The government continued media campaigns to change attitudes toward women, but progress has been slow. The Ministry for Women's Promotion is responsible for promoting women's rights, and the minister was a woman. During the year the government established community banks to promote economic development of grassroots organizations, including women's groups. The banks provided micro loans to fund cereal mills, shea butter production, market gardening, animal fattening, and other small businesses.
Citizenship is derived either by birth within the country's territory or from the parents. The government failed to register all births immediately, particularly in rural areas where administrative structures were insufficient and rural parents could not afford birth certificates. Such lack of registration sometimes resulted in denial of public services. To address the problem, the government periodically organized registration drives and issued belated birth certificates.
The law calls for compulsory, free, and universal education until the age of 16. The government paid tuition, books, and supplies for all students under 16 years of age, although uniforms were the responsibility of the student's family. Children over 16 years old were responsible for paying all education costs unless they qualified for tuition assistance from merit and need-based programs. The overall school enrollment was approximately 77 percent for boys and 72 percent for girls.
The law prohibits the abuse of children under 15 and provides for the punishment of abusers. The penal code mandates a one- to three-year prison sentence and fines ranging from 300,000 to 900,000 CFA francs ($619 to $1,856) for inhumane treatment or mistreatment of children; however, light corporal punishment was tolerated and widely practiced in society, although the government conducted seminars and education campaigns against child abuse.
Female Genital Mutilation (FGM) was practiced widely, especially in rural areas, and usually was performed at an early age. According to a 2006 report by the National Committee for the Fight Against Excision, up to 81 percent of women age 25 and older, and approximately 34 percent of girls and women under 25, had undergone FGM. Perpetrators were subject to a significant fine and imprisonment of six months to three years, or up to 10 years if the victim died. During the year security forces and social workers from the Ministry of Social Action arrested several FGM practitioners and their accomplices. In accordance with the law, they were sentenced to prison.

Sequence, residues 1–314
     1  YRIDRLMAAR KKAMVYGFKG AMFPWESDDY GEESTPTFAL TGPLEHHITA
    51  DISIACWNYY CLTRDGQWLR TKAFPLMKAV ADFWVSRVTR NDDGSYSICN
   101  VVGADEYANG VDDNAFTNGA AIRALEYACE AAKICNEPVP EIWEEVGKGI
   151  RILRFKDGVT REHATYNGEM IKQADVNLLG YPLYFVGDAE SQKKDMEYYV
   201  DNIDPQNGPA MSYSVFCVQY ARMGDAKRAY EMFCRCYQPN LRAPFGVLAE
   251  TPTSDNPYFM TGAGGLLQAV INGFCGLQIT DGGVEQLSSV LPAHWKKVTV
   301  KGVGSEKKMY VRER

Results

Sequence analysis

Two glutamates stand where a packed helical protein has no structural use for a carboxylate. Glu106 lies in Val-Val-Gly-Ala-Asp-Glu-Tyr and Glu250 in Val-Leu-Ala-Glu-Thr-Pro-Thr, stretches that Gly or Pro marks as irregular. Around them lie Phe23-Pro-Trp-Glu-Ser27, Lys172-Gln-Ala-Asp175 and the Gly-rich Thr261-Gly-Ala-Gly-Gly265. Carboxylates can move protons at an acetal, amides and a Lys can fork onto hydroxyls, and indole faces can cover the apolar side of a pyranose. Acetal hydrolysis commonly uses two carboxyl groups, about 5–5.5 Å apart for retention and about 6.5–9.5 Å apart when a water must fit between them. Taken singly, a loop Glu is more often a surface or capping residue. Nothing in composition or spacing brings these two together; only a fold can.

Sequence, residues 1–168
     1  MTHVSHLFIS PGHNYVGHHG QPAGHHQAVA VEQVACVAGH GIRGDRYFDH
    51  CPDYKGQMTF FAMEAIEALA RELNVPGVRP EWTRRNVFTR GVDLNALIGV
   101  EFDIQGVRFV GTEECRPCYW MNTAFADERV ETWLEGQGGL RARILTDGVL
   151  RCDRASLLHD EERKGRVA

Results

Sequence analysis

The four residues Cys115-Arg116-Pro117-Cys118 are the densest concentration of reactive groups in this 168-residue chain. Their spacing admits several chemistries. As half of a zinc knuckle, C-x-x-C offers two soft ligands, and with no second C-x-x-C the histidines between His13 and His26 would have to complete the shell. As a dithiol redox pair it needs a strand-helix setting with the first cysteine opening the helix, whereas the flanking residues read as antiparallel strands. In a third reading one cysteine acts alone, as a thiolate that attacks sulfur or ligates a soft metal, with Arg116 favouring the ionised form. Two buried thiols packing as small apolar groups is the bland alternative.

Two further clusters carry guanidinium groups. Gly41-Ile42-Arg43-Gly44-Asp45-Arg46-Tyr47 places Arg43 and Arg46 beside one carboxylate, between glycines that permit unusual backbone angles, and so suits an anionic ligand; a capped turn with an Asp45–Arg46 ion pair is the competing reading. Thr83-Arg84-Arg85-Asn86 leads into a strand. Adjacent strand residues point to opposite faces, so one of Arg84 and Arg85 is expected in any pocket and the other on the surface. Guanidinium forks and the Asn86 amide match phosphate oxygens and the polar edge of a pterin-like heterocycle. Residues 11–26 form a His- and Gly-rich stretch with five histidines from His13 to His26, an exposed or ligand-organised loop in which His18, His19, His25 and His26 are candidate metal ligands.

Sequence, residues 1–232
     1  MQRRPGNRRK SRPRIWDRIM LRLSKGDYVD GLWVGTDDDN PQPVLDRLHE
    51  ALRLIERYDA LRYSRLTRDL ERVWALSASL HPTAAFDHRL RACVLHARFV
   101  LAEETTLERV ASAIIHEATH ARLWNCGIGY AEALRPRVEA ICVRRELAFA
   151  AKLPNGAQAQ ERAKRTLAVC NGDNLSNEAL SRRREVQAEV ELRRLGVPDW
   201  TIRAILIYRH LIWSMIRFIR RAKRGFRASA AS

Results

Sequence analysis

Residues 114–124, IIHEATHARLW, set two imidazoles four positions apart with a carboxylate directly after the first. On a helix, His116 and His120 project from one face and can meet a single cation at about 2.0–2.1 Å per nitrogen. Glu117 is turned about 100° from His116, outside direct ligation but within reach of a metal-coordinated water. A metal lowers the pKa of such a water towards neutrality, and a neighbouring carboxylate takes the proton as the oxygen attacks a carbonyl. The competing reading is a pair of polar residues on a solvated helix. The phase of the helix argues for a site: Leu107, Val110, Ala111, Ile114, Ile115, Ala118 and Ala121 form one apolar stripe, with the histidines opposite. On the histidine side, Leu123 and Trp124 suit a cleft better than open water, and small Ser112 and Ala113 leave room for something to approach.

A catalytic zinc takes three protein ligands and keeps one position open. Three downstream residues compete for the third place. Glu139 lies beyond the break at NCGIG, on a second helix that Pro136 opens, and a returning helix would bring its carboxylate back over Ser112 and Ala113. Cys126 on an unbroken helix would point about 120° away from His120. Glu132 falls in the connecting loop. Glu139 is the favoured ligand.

As part of the government's campaign against FGM in West Africa, the first ladies of Burkina Faso and Niger presided over an October 2008 meeting on FGM in Ouagadougou. Noting that girls were often taken across national borders to countries where excision is legal or law enforcement was weak, participants called on governments to coordinate and enforce national laws against FGM. There were no reports of any actions resulting from this meeting.
Several NGOs stated that child marriage was a problem, primarily in rural areas; however, there were no reliable statistics. The legal age for marriage is 17. The law prohibits forced marriage and prescribes penalties of six months to two years in prison for violation. The prison term may be increased to three years if the victim is under 13 years of age; however, there were no reports of prosecutions of violators.
There were no statistics on child prostitution; however, it was a problem. Children from poor families relied on prostitution to meet their daily needs and, at times, to help their needy parents. Trafficked children, primarily Nigerian nationals, were also subject to sexual abuse and forced prostitution.
The law prohibits the worst forms of child labor, including these of children in pornographic activities and jobs that harm their health. The May 2008 antitrafficking legislation provides for penalties of up to 10 years for violators and increases maximum prison terms from five to 10 years. The law also allows terms as high as 20 years to life imprisonment under certain conditions.
There were numerous street children, primarily in Ouagadougou and Bobo-Dioulasso. Many children ended up on the streets after traveling from rural areas to find employment in the city or after their parents had sent them to the city to study with a Koranic teacher or live with relatives and go to school. At least one NGO assisted street children. Two directorates within the Ministry of Social Action also ran educational programs, including vocational training, for street children, funded income-generating activities, and assisted in the reintegration and rehabilitation of street children. Nevertheless, the number of street children far outstripped the capacity of these institutions.